Germany’s Presumptive Next Leader Forecasts Improved Financial Picture
German Finance Minister and Vice Chancellor Olaf Scholz, the presumptive leader of the next government, presented an updated financial forecast Thursday indicating increased revenues for future government projects.
At a news conference in Berlin, Scholz said that despite the COVID-19 pandemic, the recent “fourth wave” of new infections and the worldwide supply chain problems, Germany’s tax revenue over the next few years would be higher than the estimates made in May.
Scholz said the new revenue forecast showed all levels of government collecting about $205 billion more in revenue through 2025 than the earlier prediction. He credited the higher-than-expected revenue to “a robust labor market.”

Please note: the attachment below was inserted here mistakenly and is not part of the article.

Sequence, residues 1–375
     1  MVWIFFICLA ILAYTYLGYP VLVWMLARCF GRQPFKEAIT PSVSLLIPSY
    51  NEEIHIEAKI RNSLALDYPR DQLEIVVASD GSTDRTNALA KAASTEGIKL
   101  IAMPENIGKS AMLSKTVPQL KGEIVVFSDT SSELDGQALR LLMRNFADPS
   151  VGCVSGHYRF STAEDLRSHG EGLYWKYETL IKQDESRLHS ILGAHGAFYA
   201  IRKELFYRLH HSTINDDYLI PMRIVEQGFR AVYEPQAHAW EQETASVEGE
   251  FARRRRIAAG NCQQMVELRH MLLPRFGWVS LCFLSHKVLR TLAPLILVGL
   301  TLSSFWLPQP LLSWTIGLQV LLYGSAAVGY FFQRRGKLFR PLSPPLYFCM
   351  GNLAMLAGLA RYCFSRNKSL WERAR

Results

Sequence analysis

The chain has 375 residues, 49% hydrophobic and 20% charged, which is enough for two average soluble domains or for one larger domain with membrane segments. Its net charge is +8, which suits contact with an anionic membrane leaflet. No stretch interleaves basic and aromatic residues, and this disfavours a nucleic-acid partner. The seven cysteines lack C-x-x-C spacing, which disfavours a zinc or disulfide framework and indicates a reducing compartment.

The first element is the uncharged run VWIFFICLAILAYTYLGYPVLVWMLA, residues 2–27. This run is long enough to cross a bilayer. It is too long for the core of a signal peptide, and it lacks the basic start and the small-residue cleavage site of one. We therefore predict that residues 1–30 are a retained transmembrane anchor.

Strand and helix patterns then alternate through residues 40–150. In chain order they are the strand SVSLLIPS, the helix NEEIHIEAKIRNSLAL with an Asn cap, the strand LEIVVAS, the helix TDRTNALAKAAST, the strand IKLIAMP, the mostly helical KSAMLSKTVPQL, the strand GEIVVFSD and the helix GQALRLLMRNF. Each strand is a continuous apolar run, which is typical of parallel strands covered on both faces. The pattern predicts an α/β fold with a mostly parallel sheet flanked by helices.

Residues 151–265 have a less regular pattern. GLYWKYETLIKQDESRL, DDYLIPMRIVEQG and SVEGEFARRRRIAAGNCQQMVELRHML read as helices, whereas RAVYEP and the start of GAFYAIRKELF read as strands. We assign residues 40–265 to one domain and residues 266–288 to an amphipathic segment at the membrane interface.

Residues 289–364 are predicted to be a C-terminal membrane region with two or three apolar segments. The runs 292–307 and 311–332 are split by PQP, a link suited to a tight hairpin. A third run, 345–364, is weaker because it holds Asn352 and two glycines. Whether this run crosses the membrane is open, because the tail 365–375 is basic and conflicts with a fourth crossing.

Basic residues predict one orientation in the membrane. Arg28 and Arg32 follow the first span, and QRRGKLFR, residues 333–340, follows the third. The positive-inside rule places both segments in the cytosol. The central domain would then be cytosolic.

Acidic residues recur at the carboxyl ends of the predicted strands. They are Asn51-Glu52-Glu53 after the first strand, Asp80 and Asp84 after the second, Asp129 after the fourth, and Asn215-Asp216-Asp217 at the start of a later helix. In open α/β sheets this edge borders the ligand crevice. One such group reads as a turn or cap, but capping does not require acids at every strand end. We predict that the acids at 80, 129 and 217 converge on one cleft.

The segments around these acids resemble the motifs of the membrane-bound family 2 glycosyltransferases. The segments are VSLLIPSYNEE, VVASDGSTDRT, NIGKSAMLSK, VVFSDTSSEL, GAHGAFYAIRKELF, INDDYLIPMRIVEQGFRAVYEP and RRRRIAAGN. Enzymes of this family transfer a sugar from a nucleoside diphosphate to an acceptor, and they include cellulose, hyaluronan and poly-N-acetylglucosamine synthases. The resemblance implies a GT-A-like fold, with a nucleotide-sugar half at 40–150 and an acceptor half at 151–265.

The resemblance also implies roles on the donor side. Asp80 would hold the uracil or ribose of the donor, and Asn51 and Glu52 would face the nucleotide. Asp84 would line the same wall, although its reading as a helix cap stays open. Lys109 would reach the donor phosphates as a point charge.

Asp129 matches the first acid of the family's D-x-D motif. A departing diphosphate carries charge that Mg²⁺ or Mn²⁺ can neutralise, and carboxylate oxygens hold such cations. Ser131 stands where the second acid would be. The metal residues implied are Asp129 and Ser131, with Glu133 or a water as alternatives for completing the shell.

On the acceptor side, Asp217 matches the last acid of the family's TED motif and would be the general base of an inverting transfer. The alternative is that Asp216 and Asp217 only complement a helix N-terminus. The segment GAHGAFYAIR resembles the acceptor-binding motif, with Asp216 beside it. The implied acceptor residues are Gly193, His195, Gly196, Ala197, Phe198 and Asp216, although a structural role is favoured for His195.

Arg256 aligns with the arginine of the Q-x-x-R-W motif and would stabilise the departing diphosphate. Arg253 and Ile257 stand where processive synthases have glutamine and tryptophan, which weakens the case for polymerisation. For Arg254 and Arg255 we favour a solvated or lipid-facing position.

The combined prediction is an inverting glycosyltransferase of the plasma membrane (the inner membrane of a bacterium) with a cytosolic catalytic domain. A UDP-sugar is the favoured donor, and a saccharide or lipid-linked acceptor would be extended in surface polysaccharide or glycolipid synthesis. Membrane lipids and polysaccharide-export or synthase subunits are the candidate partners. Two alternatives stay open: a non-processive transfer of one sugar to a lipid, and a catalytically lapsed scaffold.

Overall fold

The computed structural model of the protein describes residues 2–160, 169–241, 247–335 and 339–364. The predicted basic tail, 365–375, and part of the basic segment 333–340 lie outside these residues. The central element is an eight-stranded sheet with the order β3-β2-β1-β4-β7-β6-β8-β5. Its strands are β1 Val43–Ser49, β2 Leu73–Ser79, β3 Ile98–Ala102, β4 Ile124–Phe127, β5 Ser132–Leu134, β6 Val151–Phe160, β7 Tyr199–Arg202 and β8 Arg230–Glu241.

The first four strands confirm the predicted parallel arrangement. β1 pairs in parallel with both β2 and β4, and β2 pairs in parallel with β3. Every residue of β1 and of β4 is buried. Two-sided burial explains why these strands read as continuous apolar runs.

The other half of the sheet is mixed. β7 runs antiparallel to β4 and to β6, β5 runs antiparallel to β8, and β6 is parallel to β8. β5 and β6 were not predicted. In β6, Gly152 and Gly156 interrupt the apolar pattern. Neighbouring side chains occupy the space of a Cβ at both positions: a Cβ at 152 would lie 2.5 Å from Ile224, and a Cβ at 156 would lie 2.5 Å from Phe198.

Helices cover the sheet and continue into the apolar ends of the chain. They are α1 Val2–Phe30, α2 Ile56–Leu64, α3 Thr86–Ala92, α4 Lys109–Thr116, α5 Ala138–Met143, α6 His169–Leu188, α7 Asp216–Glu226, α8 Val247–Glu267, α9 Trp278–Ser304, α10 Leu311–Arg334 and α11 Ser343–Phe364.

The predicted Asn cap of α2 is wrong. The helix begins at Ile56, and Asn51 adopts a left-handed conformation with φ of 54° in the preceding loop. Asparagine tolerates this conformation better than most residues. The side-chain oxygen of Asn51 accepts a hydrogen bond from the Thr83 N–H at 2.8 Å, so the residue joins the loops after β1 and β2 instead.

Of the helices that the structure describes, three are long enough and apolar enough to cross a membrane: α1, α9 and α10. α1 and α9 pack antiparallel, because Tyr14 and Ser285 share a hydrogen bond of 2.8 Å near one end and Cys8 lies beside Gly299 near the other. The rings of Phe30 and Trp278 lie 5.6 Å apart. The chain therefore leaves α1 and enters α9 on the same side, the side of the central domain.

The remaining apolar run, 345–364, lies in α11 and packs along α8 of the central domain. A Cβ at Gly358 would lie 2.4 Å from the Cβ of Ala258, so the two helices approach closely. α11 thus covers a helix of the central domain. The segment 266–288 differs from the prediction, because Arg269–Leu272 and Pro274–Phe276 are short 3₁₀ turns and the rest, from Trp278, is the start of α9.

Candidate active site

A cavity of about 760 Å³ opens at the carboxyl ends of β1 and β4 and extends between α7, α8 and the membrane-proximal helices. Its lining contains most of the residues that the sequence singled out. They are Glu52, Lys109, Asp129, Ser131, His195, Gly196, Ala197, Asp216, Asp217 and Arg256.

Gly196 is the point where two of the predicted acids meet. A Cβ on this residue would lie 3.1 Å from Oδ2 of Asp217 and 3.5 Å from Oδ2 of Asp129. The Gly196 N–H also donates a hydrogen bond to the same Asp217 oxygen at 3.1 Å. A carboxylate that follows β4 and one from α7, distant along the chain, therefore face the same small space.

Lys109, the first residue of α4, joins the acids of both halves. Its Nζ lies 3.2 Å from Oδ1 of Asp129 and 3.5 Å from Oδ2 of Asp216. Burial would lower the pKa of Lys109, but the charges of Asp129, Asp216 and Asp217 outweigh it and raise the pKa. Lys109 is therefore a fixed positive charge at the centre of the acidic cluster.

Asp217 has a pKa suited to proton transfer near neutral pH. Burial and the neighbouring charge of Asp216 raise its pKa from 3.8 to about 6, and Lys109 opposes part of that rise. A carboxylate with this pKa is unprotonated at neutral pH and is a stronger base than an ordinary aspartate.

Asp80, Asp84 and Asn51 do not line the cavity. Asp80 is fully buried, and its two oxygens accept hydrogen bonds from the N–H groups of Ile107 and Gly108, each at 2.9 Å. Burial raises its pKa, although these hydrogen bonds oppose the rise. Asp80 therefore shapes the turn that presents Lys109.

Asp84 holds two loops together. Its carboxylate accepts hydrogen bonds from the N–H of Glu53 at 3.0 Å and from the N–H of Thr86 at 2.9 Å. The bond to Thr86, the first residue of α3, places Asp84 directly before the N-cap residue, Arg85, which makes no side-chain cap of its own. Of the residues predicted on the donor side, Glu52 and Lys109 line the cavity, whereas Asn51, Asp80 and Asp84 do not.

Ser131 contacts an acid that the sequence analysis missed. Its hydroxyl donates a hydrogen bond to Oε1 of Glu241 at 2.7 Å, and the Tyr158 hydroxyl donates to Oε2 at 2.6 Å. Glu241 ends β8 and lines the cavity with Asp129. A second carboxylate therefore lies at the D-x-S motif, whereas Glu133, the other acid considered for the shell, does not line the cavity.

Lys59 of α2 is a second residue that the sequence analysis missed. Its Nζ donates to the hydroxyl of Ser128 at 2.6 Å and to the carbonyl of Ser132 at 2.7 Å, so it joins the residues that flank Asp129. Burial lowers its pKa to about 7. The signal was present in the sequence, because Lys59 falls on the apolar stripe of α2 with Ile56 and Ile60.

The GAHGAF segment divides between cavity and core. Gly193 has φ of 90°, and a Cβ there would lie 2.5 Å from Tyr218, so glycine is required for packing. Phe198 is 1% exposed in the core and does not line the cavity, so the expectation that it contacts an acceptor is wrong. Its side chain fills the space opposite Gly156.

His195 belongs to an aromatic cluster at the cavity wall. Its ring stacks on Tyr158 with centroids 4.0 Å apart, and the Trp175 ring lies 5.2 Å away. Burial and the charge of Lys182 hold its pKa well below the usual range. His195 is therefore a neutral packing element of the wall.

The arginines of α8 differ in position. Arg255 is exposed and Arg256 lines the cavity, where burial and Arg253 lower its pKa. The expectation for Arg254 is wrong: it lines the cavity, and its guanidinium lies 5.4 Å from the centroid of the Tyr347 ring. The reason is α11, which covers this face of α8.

Scholz’s Social Democratic Party won the most seats in September’s parliamentary elections, but because it does not control more than 50% of parliament, it is in negotiations with the third- and fourth-place finishing parties, the environmentalist Greens and pro-business Free Democrats, to form a coalition government.
When asked how the power-sharing negotiations were going, Scholz said he was optimistic.
“I see very concrete things going on, and the observations I had are that a lot of things have come together. Everything still left to discuss is not so difficult that it cannot be overcome,” he said.
Scholz said this new forecast meant the next government could “work sensibly,” though he cautioned there were still financial burdens from the pandemic.
He identified investments in mitigating climate change and upgrading Germany’s public sector computer and internet infrastructure as two of his priorities.
Some information for this report came from The Associated Press, Reuters and Agence France-Presse.